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I'm trying to write a basic practice with C, working with Binary and Hex. I made a method to print the multiples of 2 (powers of 2) and a separate method to print out the Hex form of that multiple of 2.

#include <stdlib.h>
#include <stdio.h>

const char one = 1;
const int bits = 31;

void    print2       ()
    unsigned int  u = (int)one;
    unsigned int j;

    printf("The powers of 2 are:\n");

            unsigned int temp = u<<j;


void    printhex       (unsigned int   u)

int main ()

What I don't understand is why I get an error "conflicting types" from calling on the method "printHex". I specifically ask for an unsigned integer and when I call the method within the parameter (which I assume to be unsigned integer "temp"), the compiler does not accept.

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What line of code is giving the error? –  OldProgrammer Jan 27 '13 at 1:59
@LeorA There is only one line that calls printHex. –  Jim Balter Jan 27 '13 at 2:45

2 Answers 2

up vote 6 down vote accepted

You run into problems because you've not provided a prototype for printhex() before you use it.

Either put printhex() physically before print2() in the source file, or add a declaration:

extern void printhex(unsigned int u);

before print2() is defined. (Don't declare printhex() inside print2(); even though it is syntactically legal, it is bad practice to do so.)

When the compiler runs across the call printhex(temp), it assumes (under C89 rules) that it is a function that returns an int with an indeterminate argument list (but not one which is formally a variable argument list — varargs functions like printf() must always have a prototype in scope). When you subsequently define it as returning void, it gets upset and reports the conflicting type error. Under C99 rules, you are supposed to have a prototype in scope before using a function.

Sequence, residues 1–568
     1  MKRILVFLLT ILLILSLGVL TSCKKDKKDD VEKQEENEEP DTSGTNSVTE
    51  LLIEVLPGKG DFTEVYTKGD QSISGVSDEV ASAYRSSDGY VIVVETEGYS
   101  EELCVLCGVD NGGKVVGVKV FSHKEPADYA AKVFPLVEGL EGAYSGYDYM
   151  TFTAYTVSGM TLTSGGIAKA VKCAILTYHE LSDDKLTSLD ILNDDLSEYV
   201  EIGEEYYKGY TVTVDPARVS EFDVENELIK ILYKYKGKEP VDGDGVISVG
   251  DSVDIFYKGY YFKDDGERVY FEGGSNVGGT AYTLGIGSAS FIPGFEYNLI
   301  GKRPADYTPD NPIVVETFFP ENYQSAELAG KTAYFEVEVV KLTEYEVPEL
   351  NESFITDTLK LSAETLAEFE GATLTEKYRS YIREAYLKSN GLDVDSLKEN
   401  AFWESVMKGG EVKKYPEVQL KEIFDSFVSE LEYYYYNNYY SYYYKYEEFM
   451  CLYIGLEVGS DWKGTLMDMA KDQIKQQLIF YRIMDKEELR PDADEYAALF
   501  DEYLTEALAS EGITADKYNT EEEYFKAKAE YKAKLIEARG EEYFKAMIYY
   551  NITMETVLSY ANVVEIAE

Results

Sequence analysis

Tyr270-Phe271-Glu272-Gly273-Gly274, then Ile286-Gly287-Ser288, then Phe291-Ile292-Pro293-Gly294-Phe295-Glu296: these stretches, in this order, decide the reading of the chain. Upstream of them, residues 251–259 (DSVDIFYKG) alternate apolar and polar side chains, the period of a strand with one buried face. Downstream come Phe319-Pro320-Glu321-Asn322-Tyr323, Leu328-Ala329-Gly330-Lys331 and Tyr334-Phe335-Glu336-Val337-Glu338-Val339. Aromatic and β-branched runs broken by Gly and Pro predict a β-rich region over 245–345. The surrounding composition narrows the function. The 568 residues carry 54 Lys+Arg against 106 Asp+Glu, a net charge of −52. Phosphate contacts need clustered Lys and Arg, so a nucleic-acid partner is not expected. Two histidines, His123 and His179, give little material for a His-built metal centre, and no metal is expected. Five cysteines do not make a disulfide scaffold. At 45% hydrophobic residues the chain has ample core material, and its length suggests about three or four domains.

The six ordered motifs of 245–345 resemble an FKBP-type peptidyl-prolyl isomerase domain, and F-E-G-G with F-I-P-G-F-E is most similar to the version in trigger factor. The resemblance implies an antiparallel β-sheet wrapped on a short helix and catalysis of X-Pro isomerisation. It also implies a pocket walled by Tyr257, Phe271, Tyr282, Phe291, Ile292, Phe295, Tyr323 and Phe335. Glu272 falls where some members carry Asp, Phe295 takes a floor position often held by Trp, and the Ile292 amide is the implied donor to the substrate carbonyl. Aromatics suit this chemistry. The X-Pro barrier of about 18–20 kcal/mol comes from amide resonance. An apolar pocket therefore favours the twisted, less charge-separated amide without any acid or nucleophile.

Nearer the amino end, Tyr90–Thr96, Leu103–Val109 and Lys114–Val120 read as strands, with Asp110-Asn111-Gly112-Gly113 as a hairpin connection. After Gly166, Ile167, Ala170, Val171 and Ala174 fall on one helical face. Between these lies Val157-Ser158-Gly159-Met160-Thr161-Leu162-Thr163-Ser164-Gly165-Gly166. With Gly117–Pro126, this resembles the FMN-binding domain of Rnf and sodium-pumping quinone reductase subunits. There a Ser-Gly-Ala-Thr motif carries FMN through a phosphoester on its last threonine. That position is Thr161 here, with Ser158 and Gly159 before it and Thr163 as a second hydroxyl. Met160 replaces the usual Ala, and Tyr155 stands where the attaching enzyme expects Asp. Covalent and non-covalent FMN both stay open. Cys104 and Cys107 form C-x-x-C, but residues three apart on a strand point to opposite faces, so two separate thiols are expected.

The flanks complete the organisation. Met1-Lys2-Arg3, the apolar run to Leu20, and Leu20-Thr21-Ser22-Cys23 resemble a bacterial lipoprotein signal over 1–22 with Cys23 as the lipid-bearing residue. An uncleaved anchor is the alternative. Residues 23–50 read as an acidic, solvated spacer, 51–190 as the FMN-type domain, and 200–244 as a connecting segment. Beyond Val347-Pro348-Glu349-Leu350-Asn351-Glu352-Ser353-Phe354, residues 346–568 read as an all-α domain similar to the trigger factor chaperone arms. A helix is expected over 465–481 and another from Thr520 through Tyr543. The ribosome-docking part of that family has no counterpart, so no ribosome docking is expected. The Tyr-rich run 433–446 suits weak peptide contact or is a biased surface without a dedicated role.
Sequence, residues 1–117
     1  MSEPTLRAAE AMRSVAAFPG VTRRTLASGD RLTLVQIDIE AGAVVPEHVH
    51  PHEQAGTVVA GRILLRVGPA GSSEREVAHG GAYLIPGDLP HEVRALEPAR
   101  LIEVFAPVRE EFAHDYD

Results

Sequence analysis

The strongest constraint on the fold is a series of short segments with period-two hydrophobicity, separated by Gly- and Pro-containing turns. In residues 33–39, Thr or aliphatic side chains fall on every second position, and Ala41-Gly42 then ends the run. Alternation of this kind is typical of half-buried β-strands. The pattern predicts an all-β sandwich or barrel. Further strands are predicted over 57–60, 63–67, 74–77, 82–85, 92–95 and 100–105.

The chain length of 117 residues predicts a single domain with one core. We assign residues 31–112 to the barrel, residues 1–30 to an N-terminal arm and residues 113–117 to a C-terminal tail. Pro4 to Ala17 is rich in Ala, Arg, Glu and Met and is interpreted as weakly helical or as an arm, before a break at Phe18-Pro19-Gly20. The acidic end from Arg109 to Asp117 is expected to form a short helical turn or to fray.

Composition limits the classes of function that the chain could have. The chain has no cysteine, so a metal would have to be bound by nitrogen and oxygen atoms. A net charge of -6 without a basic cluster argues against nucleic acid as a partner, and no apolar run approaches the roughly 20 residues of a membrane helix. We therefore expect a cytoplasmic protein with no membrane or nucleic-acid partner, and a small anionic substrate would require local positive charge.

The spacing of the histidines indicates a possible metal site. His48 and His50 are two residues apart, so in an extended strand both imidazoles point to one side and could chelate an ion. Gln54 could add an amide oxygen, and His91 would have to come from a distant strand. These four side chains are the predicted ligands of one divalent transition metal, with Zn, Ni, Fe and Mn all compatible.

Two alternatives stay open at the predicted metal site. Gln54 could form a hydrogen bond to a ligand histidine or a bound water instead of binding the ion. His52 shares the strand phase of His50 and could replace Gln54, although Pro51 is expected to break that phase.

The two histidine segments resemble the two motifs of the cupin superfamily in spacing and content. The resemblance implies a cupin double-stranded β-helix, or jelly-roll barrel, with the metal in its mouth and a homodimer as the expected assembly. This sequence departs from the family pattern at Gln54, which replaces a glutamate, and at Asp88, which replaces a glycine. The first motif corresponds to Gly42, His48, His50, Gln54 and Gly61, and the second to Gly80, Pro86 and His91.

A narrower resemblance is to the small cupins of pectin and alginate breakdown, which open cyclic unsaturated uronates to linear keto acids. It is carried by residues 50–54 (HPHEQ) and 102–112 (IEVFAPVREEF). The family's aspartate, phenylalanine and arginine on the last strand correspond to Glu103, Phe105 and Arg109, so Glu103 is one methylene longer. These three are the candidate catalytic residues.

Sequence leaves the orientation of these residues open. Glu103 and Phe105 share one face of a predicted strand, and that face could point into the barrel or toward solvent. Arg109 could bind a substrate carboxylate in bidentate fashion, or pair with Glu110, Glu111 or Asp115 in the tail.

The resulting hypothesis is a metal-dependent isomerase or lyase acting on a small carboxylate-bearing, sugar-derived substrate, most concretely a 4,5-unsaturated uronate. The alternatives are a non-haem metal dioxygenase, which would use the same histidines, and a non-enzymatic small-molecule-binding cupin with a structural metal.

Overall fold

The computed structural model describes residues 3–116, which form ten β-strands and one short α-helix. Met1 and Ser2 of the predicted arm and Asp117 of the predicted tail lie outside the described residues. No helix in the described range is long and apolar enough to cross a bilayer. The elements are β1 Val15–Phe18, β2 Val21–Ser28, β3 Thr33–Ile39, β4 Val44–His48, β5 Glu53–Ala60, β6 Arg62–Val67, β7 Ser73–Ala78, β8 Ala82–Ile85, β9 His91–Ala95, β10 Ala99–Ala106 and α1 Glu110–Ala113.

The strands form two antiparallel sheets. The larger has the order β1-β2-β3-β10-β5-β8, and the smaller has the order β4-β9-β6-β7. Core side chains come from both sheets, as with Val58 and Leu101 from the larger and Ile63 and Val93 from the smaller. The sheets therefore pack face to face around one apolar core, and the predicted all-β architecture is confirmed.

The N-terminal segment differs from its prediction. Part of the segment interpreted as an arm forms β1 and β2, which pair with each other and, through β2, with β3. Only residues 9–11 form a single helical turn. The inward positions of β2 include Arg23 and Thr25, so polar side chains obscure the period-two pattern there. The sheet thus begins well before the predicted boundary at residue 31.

I'd like to comment on your layout; it's a little unorthodox.

The function definitions don't need as many blanks in them (use less white space in the function definitions):

void    print2       ()
void    printhex       (unsigned int   u)

would be:

void print2(void)
void printhex(unsigned int u)

if I were writing them. I write functions with the explicit (void) in the definition so it matches the prototype notation for the function. Actually, if I was writing them, they'd more likely be prefixed with static. If the function I write is not going to be used outside the source file it is in, then I make it static automatically. Further, if the function is defined as static before it is used, then I don't need a second declaration of the function. If a function is not static, there should, in my book, be a header that declares the function, and that header should be used in both the file that defines the function and in the files that use the function. This ensures consistency.

Also, you use abs(temp) which is slightly odd; it is a long-winded way of converting the unsigned int to a signed int, but you'd do better to write:

 printf("%u\n", temp);

Finally, I'd suggest you use more white space in the for loop:

for (j = 0; j < bits; j++)

No space before commas or semicolons; spaces around binary operators (but not unary operators, or very tightly binding operators such as subscripts or member (. or ->) operators).

Your output interleaves hex with decimal; you might find it better to use:

printf("%10u ", temp);

to put the decimal value right justified on the line, leaving the hex to appear after it on the same line.

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Thank you I did not know about this its my first time using C –  James Jan 27 '13 at 2:04
Thanks for the extra information, it's very informative! –  James Jan 27 '13 at 4:06

You're trying to use (call) printhex before you declare it. Either forward declare it by saying void printhex (unsigned int u) or void printhex (unsigned int) or move the definition, to before print2.

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Thank you your answer was very clear –  James Jan 27 '13 at 2:05

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